The NDP is calling on the federal government to claw back pandemic wage subsidies handed to companies that took advantage of the cash to boost executive compensation. THE CANADIAN PRESS/Justin Tang

The NDP is calling on the federal government to claw back pandemic wage subsidies handed to companies that took advantage of the cash to boost executive compensation. THE CANADIAN PRESS/Justin Tang

NDP demands federal wage-subsidy clawbacks, but critics question feasibility

Last month’s federal budget extended the wage subsidy through September

The NDP is calling on the federal government to claw back pandemic wage subsidies handed to companies that took advantage of the cash to boost executive compensation, but economists say other paths to worker support may mark a more feasible route.

In a May 13 letter to Finance Minister Chrystia Freeland, New Democrat Peter Julian said all publicly traded companies that received the Canada Emergency Wage Subsidy (CEWS) should repay any bumps in salaries and bonuses for senior management.

“The wage subsidy was clearly supposed to go to workers and toward protecting Canadians’ jobs — not bonuses for top corporate brass,” the letter states.

“In a case where there’s a clear violation of what the clearly stated goals of the program were, it is absolutely appropriate to ask for that money back,” Julian said in an interview.

Though Freeland has repeatedly said the subsidy can only be used to pay employees, nowhere does it bar beefier executive compensation as a condition of that support.

Julian also criticized Ottawa for failing to add caveats restricting share buybacks and higher dividends.

Last year, hundreds of chief executives and senior managers enjoyed millions in dividends paid out by publicly listed firms that also gobbled up hundreds of millions from the CEWS program, which provides a subsidy of up to 75 per cent for payroll expenses and is estimated to cost $110.6 billion.

The NDP finance critic slammed the government for its “aggressive” moves to crack down on abuse of the Canada Emergency Response Benefit, intended to help Canadians who lost work during the COVID-19 pandemic.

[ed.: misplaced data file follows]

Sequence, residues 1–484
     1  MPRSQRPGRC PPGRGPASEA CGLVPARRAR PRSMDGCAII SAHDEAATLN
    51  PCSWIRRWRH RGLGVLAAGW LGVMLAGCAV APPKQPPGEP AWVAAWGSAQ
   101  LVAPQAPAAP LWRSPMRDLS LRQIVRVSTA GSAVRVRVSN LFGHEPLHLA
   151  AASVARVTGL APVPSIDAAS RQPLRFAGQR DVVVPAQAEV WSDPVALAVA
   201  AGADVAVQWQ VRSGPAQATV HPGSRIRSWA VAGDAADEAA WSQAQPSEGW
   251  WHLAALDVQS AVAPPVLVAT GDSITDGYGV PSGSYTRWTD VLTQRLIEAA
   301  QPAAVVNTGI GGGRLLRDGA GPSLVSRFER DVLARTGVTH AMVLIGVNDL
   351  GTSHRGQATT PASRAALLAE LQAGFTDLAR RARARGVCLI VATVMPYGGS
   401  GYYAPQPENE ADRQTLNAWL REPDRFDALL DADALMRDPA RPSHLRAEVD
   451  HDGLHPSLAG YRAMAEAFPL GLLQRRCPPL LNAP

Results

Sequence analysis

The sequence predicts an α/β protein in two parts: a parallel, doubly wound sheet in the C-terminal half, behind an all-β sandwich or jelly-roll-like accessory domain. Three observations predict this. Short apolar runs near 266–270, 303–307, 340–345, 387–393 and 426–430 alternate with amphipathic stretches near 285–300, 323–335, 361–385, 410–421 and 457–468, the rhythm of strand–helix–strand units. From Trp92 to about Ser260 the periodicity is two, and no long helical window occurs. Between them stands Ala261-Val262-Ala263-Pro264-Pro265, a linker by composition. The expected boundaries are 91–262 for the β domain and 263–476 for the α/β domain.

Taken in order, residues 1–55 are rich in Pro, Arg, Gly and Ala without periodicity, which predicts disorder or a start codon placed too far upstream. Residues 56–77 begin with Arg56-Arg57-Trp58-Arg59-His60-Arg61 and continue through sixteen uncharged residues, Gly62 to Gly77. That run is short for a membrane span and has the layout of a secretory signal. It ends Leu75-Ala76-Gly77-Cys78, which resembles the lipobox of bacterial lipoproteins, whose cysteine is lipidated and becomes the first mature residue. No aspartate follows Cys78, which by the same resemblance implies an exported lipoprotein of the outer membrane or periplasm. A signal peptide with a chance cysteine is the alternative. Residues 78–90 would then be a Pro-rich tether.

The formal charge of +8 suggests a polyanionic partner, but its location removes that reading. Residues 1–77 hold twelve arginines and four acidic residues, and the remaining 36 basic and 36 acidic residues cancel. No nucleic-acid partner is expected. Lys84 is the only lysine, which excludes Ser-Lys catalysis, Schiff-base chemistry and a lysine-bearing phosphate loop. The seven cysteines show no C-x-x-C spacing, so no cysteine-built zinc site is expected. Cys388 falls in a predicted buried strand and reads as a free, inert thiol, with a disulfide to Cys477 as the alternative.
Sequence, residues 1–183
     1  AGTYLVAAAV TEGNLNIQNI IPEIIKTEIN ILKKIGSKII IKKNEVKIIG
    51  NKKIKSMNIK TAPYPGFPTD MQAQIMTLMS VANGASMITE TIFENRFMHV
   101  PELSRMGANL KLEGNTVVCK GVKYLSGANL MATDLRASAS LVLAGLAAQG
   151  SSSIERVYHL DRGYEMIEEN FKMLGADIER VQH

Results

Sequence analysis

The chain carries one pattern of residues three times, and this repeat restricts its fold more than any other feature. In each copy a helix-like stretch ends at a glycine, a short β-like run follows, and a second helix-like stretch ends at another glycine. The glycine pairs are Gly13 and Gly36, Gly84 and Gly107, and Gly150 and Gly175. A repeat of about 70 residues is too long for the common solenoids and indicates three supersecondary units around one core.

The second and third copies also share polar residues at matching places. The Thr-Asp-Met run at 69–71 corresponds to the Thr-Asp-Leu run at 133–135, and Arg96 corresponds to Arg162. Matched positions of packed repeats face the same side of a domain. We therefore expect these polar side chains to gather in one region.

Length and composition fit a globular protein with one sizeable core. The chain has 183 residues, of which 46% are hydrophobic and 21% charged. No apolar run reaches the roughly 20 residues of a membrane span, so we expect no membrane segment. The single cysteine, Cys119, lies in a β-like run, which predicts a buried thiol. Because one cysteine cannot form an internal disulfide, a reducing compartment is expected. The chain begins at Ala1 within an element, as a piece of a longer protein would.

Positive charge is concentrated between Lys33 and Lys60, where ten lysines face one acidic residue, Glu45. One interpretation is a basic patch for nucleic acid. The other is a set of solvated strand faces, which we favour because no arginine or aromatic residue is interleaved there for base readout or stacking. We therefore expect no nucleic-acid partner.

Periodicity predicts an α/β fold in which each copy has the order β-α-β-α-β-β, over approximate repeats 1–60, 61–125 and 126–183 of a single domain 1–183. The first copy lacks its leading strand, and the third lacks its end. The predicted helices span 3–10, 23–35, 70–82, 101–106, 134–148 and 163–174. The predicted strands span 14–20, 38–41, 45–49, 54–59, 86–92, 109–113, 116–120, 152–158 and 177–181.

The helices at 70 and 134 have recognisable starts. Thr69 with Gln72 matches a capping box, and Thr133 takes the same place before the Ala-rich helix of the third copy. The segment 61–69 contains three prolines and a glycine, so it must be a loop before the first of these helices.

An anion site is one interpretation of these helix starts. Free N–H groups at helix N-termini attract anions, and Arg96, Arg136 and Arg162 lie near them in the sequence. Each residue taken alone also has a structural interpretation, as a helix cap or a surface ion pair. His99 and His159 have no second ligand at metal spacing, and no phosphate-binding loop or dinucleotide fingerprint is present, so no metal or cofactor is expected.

“They’ve been putting pressure on people who received CERB, even when they were the victims of fraudulent behaviour by other people. But they have not stepped up and given any indication at all on the wage subsidy. And that’s simply wrong,” he said.

Freeland’s spokeswoman, Katherine Cuplinskas, stressed that the program aims to protect jobs, saying it has helped more than 5.3 million workers stay on payroll or get rehired.

CEWS, which she noted received unanimous approval in the House last July, “applies to businesses of all sizes and across all sectors to ensure that no worker falls through the cracks,” she said in an email.

Smaller retailers and the entertainment, tourism and aviation sectors reeled amid lockdowns over the past 14 months, but big-box stores, tech companies and transport firms fared well as remote work and online delivery ramped up.

Many countries introduced bans on dividend payments and other rewards within months of the first wave. Spain demanded full reimbursement of job-retention funding for companies that paid any dividends. The Netherlands imposed a ban on dividend payments, share buybacks and bonuses for executives at companies that took advantage of wage relief in the same year.

Last month’s federal budget extended the wage subsidy through September, but with a new clawback system for jacked-up executive compensation at publicly traded companies — a step the NDP now wants applied retroactively.

David Macdonald, a senior economist at the Canadian Centre for Policy Alternatives, says a tax rule effectively forcing reimbursement from companies that declared profits while receiving the subsidy might offer a simpler, if blunter, solution.

“The federal government can certainly change the tax rules. And they can do it retroactively if they want to,” he said.

Ottawa could also tighten the new clawback measures by including dividend boosts and share buybacks among the repay items. “There’s $25 billion that’s going to be paid out in this fiscal year, starting April 1. So there’s still time, the program’s not over.”

University of Toronto economist Michael Smart says a future program overhaul makes more sense than retroactive clawbacks, and suggests the federal government limit the subsidy to small businesses and battered sectors or apply it only to at-risk jobs.

“Any company that issues stock on the Toronto Stock Exchange does not need the government to step in,” he said. “We’ve got to get back to a focus on workers and Canadians who are experiencing income losses.”

Smart called it a “mistake” to zero in on clawbacks, highlighting potential loopholes.

“If the government were to pass a rule that CEWS gets clawed back from any company that increases dividends this year, then as the CFO of a company I would know exactly what to do: Don’t pay out a special dividend this year; pay out a special dividend next year,” he said.

“All it does is it takes the heat off of Ottawa.”

While Canadians may be “surprised or shocked” that emergency funds landed at companies that promptly lined the pockets of their C-suite staff, “that’s a tiny fraction of the overall issue of this program,” he added.

Starting in June, the revised CEWS program will raise the eligibility threshold to 10 per cent revenue loss relative to the same four-week period in 2019. A progressively lower subsidy rate as September approaches is also part of the plan.

“This money should be going to people who actually need it, businesses that actually need it, to try to stay afloat for hopefully what’s just the last few months of the pandemic,” Macdonald said.

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